A few months later near the end of my tour, I walked up on a seal that was obviously dwarfed and solo. As you know if you approached a seal it moved away as you got too close. The seal I encountered held its ground and was very docile. I strongly suspected it might have been Dog. Several others looked at him although they were too new on the island to know much about it. I think the skip sent a message off to Honolulu in regard to it all.
During the course of my year Doc walked up on another abandoned seal pup. This one was in bad shape. Doc maintained it for a few days and then it died.
During the time of Dog, National Geographic was writing a book on Hawaii. The main author spent two weeks with us, interviewing, observing, etc. The result was several pages on Kure and the interviews centered around a fictional composite character; but seemed mainly based on ET3 Curry's experiences. I don't remember if much was mentioned about Dog. I think the author's name was Graves.
Dog getting a bath
Dog with Mom
This only happened once during my year. In looking back I'm astounded that I could have done this. Today I'm nervous on an 8 ft. ladder. Anyway we had a civilian crew doing maintenance on the antenna. They would hang off that thing and work all day doing whatever it was they did. During this period SN Aldana and I had the opportunity to climb the antenna. It was turned off, we jumped on and during the climb I don't remember if it was turned back on; kind of like birds on a wire I guess. These pics are from the top, took about 45 minutes to climb. I just can't believe that at one time that kind of stuff just didn't bring a sweat.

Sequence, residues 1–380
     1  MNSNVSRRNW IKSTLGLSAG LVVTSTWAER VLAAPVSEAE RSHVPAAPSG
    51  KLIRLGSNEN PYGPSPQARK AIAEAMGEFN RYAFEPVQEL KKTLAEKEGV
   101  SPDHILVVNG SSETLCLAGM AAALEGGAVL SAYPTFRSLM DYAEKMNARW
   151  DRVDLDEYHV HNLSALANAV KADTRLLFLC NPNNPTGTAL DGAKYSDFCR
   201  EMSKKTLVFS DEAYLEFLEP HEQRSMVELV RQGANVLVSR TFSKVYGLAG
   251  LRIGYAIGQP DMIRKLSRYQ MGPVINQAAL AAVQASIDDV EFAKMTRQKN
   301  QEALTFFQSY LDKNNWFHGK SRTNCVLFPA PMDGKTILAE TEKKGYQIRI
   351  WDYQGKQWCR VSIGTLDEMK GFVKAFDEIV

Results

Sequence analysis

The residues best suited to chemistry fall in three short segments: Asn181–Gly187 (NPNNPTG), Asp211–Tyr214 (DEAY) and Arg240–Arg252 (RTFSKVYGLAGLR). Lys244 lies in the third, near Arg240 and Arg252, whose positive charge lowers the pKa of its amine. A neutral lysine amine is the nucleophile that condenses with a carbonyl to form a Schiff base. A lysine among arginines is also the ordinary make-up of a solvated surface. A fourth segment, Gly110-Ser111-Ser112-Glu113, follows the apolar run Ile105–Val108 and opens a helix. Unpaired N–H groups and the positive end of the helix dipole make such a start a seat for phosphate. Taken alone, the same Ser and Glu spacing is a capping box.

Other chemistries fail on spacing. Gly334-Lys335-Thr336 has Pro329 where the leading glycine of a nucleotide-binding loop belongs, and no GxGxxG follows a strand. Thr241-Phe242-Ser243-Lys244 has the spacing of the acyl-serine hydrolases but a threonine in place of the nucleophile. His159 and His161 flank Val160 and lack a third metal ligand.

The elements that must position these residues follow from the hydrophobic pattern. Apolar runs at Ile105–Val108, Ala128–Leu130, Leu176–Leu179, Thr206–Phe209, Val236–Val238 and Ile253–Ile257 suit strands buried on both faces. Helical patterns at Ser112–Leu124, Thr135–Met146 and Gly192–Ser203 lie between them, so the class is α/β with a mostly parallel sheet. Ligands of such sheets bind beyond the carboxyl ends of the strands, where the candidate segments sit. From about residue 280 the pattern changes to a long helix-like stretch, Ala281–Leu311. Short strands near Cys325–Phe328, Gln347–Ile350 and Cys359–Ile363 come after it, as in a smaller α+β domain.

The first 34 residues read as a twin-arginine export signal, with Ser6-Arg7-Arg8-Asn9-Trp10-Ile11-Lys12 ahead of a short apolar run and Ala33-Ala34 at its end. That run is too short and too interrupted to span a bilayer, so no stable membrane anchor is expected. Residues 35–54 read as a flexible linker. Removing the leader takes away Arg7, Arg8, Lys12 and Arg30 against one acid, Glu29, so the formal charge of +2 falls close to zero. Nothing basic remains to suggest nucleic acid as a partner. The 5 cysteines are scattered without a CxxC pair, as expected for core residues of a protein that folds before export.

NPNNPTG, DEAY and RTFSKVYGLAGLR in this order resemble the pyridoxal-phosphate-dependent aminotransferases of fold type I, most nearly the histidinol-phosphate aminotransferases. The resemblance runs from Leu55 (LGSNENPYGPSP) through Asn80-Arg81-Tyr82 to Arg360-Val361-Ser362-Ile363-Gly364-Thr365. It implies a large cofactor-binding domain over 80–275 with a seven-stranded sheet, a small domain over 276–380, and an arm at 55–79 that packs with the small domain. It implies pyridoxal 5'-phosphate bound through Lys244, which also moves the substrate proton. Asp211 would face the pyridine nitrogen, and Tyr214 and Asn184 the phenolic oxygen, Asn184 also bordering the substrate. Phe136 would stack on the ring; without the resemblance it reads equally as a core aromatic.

We sponsored a Vietnamese girl. This was started long before I arrived. I ran the Port-o-Bandon exchange and continued sending some dollars every month. Don't know how legit it was nor how much longer it continued.